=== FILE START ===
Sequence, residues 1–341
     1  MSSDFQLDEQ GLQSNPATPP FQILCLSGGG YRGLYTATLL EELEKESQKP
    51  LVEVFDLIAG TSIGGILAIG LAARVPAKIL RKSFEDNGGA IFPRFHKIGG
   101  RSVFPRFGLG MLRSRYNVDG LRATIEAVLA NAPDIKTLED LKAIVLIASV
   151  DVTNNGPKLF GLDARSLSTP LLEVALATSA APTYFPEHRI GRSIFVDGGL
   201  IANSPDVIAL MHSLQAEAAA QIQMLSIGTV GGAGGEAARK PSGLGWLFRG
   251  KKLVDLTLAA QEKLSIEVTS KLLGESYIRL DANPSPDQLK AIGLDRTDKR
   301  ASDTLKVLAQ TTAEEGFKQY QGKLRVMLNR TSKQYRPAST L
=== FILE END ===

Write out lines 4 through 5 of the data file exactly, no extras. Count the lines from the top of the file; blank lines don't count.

   101  RSVFPRFGLG MLRSRYNVDG LRATIEAVLA NAPDIKTLED LKAIVLIASV
   151  DVTNNGPKLF GLDARSLSTP LLEVALATSA APTYFPEHRI GRSIFVDGGL